Did incidents of cannibalism occur during the Crusades? It’s a question that fascinates a lot of you! The idea that our valiant Templars would also have been cannibals is shocking and very disturbing.
Astonishingly, one person accused of cannibalism is none other than Richard the Lionheart. It’s said that he requested pork to eat while camped outside the Hospitaller fortress of Acre in modern Israel. His attendants cook him up some Saracens on the basis that they taste of pork (even though they’re not allowed to eat pork – go figure!).
Richard bolts down his food and asks to see the pig’s head. Needless to say the attendants produce a Saracen’s head and Richard, far from being appalled, gets stuck into some more “pork” pointing out to his men that they shall never starve as this meat is so plentiful.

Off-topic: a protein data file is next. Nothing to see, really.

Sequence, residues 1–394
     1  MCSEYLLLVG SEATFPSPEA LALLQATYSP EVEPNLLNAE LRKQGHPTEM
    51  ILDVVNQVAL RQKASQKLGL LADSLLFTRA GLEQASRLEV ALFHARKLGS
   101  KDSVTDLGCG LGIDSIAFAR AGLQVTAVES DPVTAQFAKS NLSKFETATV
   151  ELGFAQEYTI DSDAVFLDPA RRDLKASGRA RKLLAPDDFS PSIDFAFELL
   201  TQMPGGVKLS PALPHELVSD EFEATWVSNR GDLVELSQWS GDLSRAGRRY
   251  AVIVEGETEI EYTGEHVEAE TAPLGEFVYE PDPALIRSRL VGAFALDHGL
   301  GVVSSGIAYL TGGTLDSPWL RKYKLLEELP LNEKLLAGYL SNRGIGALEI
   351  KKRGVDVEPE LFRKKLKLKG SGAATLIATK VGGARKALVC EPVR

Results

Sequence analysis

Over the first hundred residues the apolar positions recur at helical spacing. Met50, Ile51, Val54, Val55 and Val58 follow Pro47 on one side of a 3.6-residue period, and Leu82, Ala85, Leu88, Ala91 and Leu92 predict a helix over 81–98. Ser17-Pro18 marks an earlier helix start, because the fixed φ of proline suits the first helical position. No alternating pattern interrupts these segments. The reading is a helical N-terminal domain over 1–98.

Cannibals in the Crusades – propaganda or fact?
This story might have been intended as a sick joke or a boastful means of scaring the Saracens – conversely, the incident may have happened. You have to recall that Richard the Lionheart presided at a mass execution of prisoners so there was a very mean streak to the man.
In an earlier incident in 1098 during the First Crusade – a year before Jerusalem was taken by Prince Tancred – the crusaders overran a Syrian town called Ma’arra. Christian chroniclers, three of them, felt constrained to both record and try to excuse acts of cannibalism by the crusader. In his History of the Expedition to Jerusalem Fulcher of Chartres wrote the following about what happened at Ma’arra.
I shudder to tell that many of our people, harassed by the madness of excessive hunger, cut pieces from the buttocks of the Saracens already dead there, which they cooked, but when it was not yet roasted enough by the fire, they devoured it with savage mouth
So I’m afraid to say it does look like there were cannibals in the Crusades after all!